n untold number of recreational pot collectives have formed in Colorado since Amendment 64's passage in November, hoping to meet consumer demand before retail pot stores' anticipated opening in 2014. It's unclear, however, whether the collectives will withstand legal scrutiny. Some officials warn that the arrangements not only put participants at risk — they also threaten Colorado's careful attempts to craft regulations meant to generate tax revenue and to ward off a federal crackdown on the state's new pot frontier.
Three United Nations Conventions provide the international legal framework on drug control, instructing countries to limit drug supply and use to medical and scientific purposes. Yet, debate continues on the decriminalisation, or even legalisation, of drugs, particularly cannabis. Models under development for the legal supply of cannabis are described in this analysis, as well as some of the questions they raise.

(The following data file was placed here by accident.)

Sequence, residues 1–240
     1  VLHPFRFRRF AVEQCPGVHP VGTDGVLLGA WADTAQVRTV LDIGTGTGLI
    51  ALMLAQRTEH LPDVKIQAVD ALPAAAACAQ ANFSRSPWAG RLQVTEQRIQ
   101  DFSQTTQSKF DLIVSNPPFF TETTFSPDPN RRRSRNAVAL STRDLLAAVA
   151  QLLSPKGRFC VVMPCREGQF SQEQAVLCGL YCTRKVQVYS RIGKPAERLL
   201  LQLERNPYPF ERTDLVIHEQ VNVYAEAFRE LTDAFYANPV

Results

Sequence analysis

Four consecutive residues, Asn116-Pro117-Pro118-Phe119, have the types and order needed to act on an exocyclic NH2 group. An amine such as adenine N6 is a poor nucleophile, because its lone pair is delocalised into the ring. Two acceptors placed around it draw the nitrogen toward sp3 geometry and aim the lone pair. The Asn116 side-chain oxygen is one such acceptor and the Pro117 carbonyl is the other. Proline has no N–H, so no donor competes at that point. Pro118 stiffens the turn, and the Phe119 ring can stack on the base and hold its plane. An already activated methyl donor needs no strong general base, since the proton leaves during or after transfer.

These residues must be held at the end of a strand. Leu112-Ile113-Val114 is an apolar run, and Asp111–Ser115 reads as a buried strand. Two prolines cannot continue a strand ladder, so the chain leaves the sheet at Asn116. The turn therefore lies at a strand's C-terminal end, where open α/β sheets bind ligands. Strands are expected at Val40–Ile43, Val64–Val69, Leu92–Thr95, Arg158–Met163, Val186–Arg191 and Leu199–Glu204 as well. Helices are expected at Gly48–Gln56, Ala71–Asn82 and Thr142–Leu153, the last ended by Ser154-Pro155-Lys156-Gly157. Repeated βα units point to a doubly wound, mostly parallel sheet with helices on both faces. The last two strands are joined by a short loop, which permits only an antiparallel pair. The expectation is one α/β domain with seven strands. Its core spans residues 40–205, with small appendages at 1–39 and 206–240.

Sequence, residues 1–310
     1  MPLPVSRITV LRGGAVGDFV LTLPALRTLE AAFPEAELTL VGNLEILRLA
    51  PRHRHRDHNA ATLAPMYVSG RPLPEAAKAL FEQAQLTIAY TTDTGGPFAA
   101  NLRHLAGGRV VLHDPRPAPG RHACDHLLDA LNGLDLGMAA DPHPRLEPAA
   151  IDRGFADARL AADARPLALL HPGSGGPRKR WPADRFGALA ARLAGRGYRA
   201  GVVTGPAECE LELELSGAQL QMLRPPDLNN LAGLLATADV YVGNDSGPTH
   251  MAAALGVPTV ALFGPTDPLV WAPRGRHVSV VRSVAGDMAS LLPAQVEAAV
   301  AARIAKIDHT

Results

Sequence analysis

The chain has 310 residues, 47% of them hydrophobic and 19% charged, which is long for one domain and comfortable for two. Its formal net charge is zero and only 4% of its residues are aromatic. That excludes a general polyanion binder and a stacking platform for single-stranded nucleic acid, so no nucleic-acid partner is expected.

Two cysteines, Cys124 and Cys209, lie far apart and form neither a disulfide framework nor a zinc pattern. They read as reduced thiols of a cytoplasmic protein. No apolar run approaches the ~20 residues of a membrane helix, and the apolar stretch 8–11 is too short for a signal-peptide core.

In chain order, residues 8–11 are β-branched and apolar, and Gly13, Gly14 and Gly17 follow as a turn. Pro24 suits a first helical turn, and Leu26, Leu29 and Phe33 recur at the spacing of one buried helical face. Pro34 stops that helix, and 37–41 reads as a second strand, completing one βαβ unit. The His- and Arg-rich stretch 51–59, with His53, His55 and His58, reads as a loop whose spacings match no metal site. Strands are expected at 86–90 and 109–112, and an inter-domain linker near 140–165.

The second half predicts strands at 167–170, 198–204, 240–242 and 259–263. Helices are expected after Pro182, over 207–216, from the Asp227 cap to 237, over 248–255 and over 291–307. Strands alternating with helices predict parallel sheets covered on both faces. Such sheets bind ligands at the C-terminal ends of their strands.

Part of the ‘Perspectives on drugs’ (PODs) series, launched alongside the annual European Drug Report, these designed-for-the-web interactive analyses aim to provide deeper insights into a selection of important issues.
This is a guide to regulating legal markets for the non-medical use of cannabis. It is for policy makers, drug policy reform advocates and affected communities all over the world, who are witnessing the question change from, 'Should we maintain cannabis prohibition?' to 'How will legal regulation work in practice?